The Tasting Panel Magazine goes behind the scenes with the managers, owners, and operators representing the country’s top tasting rooms and the brands behind them. We sat down for a Q&A with Tasting Room Manager, John Morris at Tablas Creek Vineyard in Paso Robles.
John Morris
John Morris - Photo Credit: Tablas Creek Vineyard

How do you ensure a positive and memorable experience for visitors in the tasting room?

The number-one thing for me is preparation. Have you hired well? Is your staff well trained enough? Have you communicated your expectations clearly? Harried [employees] are hard pressed to deliver exceptional service, [but] I find that once you establish a culture of exceptional hospitality, new hires follow suit without much overt direction.

How do you train your staff to provide product knowledge?

Our story and the wines we make are extensive; it’s a lot for people to digest.  We’ve developed a fairly standard training program. I like to spend five to eight working days before sending new hire out on the floor, depending on experience. I make sure I’m involved in the initial onboarding, the introductions to tasting room staff and other departments, the facility tour, et cetera…

I put together a manual that contains a CliffsNotes version of our history, farming practices, winemaking philosophy, varieties we grow, et cetera. Then there’s more technical information on parameters of service, how our wine club works, [and] how to effectively sell, among other things. Once a new hire has spent a day or two with the manual, we have them start shadowing key staff on the floor.  I’ll check in to assess their progress. We’ll send them out on a tour with at least three experienced staff during this time. Once they’re pouring on their own, I’m still checking in with them every couple of days until it seems they no longer need it.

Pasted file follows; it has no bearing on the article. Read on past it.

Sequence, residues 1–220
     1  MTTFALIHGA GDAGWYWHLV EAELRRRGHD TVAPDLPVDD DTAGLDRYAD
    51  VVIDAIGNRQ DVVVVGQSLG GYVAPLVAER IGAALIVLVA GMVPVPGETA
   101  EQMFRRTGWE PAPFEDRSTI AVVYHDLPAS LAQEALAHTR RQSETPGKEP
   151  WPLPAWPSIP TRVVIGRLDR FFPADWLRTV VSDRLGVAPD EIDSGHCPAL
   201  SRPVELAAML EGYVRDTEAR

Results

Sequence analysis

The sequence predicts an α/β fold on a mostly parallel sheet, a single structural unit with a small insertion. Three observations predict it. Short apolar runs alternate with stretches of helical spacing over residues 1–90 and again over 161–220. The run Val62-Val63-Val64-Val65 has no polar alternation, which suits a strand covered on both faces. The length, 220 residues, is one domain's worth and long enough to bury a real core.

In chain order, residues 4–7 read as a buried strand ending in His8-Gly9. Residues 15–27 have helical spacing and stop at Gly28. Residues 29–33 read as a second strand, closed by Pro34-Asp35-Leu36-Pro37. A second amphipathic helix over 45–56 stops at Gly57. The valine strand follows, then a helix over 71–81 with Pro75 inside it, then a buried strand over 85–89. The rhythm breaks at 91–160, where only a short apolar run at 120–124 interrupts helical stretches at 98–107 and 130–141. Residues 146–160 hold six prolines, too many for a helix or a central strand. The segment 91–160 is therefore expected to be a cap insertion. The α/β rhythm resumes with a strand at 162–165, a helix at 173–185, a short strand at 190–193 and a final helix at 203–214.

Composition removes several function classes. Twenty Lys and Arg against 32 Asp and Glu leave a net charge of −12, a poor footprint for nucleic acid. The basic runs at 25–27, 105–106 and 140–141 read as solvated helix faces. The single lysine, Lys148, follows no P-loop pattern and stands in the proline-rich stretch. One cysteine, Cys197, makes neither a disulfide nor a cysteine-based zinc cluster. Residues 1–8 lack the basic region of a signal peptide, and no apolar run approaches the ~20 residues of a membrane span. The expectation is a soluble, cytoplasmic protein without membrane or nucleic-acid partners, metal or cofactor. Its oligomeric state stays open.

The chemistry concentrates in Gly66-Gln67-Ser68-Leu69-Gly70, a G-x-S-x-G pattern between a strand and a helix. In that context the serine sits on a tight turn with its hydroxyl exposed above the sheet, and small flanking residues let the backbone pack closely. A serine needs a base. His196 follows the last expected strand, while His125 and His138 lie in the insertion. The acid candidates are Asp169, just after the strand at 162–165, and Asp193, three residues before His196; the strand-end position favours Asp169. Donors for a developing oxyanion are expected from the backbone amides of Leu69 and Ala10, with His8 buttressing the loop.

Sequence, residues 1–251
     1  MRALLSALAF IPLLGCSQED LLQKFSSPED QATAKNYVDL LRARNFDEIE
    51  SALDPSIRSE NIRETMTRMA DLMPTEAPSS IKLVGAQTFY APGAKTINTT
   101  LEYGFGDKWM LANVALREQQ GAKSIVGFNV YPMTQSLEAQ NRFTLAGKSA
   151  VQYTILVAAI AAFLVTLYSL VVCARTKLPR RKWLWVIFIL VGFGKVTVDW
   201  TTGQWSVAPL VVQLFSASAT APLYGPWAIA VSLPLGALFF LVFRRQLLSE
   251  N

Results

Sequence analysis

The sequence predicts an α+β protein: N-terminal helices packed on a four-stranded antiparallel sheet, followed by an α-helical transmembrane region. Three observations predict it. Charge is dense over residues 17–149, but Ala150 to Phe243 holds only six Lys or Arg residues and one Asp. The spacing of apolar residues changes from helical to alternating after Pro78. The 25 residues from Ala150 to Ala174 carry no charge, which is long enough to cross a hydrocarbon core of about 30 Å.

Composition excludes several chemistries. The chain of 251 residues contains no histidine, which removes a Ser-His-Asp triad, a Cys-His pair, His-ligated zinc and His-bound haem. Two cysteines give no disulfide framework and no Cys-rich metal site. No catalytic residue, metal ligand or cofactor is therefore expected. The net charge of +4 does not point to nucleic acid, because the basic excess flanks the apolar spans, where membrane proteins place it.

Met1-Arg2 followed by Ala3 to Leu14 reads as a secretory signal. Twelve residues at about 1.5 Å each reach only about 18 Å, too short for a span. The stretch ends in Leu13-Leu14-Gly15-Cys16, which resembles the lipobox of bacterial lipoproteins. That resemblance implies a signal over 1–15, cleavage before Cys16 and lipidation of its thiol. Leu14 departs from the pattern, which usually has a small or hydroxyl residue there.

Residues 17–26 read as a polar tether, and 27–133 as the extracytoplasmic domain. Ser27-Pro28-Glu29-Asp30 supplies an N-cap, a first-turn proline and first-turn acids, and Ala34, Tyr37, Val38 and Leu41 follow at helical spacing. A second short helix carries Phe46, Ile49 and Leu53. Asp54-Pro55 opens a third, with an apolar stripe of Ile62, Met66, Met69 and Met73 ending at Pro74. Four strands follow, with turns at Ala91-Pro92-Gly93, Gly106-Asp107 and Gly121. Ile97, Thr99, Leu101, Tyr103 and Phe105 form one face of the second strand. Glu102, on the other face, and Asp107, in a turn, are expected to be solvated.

How do you collaborate with the winemaking team to ensure a seamless connection between the tasting room and the winery?

We’re fortunate enough to have a winery staff that loves sharing what they know with tasting room staff. Our production facility and tasting room are adjacent, which lends itself to chance encounters and impromptu questions, and we share a lunchroom, which keeps us from becoming too separated.

Everyone in the tasting room feels  comfortable going to winery staff with questions. Finally, we set up various trainings and tastings with winery staff as often as we can to keep the information flow alive.


What strategies do you use to handle crowded days and maintain a comfortable atmosphere for guests?

Tablas Creek Tasting Room

I’ll go back to being well staffed.  We refer to this as customer service insurance at Tablas Creek. Being cheap with labor will backfire in the long run.  Since COVID, our tastings have been by reservation, which has gone a long way towards civilizing the experience on peak days. Of course, on some days we see walk-ins we struggle to handle, drop-in members, [and/or] guests running significantly late or early or arriving with more people than they booked for. The key is to smile and adjust on the fly to take care of people the best you can.

View the full publication in the May/June issue of The Tasting Panel Magazine